Transcribed from A Standard History of Kansas and Kansans, written and compiled by William E. Connelley, Secretary of the Kansas State Historical Society, Topeka. [Revised ed.] Chicago: Lewis Publishing Co., 1919, c1918. 5 v. (xlviii, 2530 p., [155] leaves of plates): ill., maps (some fold.), ports.; 27 cm.


Daniel O'Connell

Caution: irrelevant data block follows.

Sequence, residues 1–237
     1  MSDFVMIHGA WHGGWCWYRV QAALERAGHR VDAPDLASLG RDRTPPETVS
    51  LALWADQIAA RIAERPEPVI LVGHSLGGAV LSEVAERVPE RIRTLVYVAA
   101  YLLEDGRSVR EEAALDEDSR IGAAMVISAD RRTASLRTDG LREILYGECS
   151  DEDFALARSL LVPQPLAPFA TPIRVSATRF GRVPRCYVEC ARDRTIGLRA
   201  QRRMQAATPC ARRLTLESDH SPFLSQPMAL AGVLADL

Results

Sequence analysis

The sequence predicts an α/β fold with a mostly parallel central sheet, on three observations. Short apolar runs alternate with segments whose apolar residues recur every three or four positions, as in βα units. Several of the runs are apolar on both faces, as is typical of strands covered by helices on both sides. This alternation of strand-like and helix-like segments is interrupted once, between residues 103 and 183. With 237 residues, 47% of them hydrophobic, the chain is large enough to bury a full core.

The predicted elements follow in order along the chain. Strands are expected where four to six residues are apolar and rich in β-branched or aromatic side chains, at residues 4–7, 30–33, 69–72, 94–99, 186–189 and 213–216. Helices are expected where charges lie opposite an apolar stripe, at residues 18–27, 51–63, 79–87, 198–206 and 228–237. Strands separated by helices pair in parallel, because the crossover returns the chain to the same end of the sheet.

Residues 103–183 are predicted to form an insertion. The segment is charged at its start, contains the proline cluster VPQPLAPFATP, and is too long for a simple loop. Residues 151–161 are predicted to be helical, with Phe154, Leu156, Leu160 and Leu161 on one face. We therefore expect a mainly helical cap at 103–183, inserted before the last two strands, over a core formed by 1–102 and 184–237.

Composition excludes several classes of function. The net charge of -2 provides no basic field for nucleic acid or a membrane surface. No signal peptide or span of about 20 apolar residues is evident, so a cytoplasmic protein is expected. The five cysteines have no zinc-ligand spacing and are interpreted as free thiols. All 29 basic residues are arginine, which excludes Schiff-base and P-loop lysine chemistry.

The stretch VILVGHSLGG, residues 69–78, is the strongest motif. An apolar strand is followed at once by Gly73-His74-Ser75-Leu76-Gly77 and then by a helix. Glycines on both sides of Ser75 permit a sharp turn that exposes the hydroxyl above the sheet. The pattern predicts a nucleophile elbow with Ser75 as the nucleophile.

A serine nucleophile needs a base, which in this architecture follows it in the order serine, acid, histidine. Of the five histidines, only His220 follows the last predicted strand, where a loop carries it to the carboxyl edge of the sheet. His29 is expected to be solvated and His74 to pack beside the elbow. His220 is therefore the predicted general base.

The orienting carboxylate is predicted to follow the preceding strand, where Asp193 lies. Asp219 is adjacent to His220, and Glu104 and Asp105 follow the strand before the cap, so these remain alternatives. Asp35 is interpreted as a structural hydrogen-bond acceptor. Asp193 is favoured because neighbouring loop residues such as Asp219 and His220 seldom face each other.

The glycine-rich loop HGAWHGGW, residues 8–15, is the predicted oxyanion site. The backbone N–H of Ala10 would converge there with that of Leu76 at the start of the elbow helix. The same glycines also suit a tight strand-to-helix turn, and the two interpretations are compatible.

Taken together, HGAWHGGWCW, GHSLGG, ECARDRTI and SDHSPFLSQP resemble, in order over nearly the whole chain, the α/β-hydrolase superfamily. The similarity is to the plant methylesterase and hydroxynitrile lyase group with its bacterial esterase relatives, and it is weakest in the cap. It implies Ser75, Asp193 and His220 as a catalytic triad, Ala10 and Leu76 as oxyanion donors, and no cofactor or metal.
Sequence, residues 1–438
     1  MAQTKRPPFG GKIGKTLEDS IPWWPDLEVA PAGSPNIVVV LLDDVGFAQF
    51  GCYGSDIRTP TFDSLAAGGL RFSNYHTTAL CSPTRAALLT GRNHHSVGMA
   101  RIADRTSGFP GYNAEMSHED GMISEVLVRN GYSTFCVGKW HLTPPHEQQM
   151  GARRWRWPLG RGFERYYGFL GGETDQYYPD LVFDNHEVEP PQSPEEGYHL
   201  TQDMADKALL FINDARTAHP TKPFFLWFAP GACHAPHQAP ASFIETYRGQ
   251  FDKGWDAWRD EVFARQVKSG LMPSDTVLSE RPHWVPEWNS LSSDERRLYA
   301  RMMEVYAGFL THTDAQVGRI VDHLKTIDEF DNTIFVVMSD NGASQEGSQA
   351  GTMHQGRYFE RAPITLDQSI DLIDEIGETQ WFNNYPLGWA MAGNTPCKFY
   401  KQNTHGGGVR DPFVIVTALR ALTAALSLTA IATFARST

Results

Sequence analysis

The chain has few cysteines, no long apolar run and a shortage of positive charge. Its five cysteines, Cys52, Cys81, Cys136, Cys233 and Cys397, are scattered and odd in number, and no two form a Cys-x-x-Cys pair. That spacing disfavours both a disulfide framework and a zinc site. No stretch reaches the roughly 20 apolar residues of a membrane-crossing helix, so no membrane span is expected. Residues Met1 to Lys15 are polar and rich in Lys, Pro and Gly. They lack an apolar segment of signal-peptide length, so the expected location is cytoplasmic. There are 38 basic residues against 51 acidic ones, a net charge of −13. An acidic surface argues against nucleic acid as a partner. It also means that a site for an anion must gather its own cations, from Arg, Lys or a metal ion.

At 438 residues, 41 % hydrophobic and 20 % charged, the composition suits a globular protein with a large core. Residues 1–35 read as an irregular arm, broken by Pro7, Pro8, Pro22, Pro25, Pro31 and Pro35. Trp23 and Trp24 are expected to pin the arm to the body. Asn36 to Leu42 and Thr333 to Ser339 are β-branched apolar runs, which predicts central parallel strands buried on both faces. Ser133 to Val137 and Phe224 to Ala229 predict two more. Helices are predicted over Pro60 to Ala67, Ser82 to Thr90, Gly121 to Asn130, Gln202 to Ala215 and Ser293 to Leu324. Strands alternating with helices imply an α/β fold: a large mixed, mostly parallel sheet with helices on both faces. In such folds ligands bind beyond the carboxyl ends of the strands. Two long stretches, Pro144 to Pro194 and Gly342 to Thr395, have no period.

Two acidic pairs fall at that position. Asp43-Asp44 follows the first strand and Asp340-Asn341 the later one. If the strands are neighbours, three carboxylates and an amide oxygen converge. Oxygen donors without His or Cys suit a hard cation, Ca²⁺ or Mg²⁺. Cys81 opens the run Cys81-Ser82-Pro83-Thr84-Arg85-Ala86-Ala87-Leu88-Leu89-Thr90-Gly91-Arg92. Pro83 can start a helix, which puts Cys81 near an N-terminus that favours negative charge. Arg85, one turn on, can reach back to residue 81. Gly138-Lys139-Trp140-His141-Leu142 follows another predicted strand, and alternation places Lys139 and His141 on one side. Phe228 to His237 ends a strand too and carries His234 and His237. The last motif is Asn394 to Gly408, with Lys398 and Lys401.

DANIEL O'CONNELL. It often has happened that what at the time seemed a great misfortune has turned out to be a benefit in disguise. The changing of an individual's life plans by some unforeseen incident or occurrence has often changed his entire career for the better, and the seeming calamity has resulted finally in the gaining of a far greater success than had the career been pursued as per original intentions. Had it not been for the condition of his health Daniel O'Connell would have remained on his Missouri farm, and while it is impossible to estimate what his prosperity might have been in that event, it surely cannot be questioned that he is now one of the substantial men of Lane County, Kansas. Mr. O'Connell, who is now a retired resident of Dighton, has been living in Lane County since 1891, and up to the time of his retirement was carrying on agricultural operations.